Is the ingenuity of our judges and lawyers so trifling we cannot establish that linkage without revealing things that are truly secret? (Establish waterboarding, for instance, without going into what questions the torturers were asking? Or conduct certain proceedings in camera?) Is it beyond all possibility to chart a judicial path to consequences for the people who did these things?
Posts Tagged ‘Abu Ghraib’
We can all agree that historical understandings of the dividing line between war and law enforcement do not fit well the kind of conflicts our nation faces today. But the solution to that quandary should not be to cede all discretion to an Executive that works in the shadows. There are other unaddressed needs at work, among them the imperative to cut the public in on the discussion and the decision-making.
It is tempting to view the stories told in [Eric] Boehlert’s two books, one chronicling the failure of the mainstream media to report the news and the other revealing the success of the blogs in doing so, as being parts of the same story. Maybe the mainstream media would not be failing from a business perspective were they not, most of the time, failing from a news-reporting perspective as well. Maybe the blogs would not be succeeding, albeit under their mostly profit-agnostic criteria, were they not beginning to seize the standard of bona fide reporting falling from the grasp of the mainstream media as they tumble lifeless upon the field of economic battle.
Just Following Orders [I]t can never be maintained that a military officer can justify himself for doing an unlawful act, by producing the order of his superior. Chief Justice Taney, Mitchell v. Harmony, 54 U.S. 115, 137 (1851) Last time, we started with the premise that the MPs who abused the detainees […]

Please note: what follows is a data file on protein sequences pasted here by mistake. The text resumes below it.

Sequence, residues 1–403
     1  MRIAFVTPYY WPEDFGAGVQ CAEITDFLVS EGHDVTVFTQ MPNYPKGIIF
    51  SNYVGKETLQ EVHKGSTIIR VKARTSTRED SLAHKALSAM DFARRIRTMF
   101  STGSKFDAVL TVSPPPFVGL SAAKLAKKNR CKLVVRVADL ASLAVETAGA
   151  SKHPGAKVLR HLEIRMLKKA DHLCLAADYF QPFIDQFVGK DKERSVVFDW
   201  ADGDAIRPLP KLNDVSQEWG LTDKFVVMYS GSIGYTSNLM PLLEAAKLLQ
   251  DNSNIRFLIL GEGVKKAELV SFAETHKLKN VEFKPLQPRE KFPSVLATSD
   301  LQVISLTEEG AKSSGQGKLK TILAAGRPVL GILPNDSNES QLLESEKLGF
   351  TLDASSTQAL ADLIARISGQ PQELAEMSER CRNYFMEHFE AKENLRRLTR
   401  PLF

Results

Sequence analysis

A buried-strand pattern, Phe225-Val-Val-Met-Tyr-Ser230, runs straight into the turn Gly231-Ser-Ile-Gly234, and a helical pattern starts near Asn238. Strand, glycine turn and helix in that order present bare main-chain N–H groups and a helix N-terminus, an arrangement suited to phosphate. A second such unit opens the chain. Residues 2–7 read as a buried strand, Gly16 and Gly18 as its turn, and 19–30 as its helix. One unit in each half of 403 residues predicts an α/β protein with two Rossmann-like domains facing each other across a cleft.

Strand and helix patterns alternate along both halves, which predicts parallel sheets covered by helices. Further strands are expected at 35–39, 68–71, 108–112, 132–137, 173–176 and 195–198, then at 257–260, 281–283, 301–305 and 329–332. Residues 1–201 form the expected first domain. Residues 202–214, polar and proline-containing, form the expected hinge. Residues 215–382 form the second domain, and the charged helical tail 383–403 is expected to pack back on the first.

“A Few Bad Apples” On October 19, 2003, Specialist Sabrina Harman of the 372nd Military Police Company picked up a Sony Cybershot camera and began taking photographs of life on Tier 1A at Abu Ghraib prison. She documented naked prisoners being stacked like cordwood, prisoners being threatened by attack dogs, hooded prisoners, beaten […]
Various Circles of Hell Jack L. B. Gohn Because of the agonizingly slow leakage of information concerning the previous administration’s practices of internment and interrogation of Muslim men, it is only recently that the Central Intelligence Agency component has come into focus. When the Abu Ghraib photos were first leaked to […]
A lawyer so brilliant he could not recognize when his own advice was bad: for his client, the President, and for the country. Disbar John Yoo.
And here is the moral, strategic, and tactical problem: How we can expect the world to accord full faith and credit to that court’s eventual verdict when we establish and countenance tribunals that are themselves human rights violations? A question urgently worth pondering.
When the International Committee of the Red Cross reported in February 2004 on our various Iraqi detention centers, they noted that at all of them, there seemed to be a single playbook – the real playbook – of practices focusing on the sexual and religious humiliation of those detainees deemed “high value,” i.e. most likely to yield Actionable Intel.
But we had better be prepared for the consequences. Someone, somewhere, is going to try us, quite seriously, for war crimes. And somewhere else, someone is going to commit war crimes against our soldiers because we fail to recognize their own combatants as POWs. And it won’t be pretty.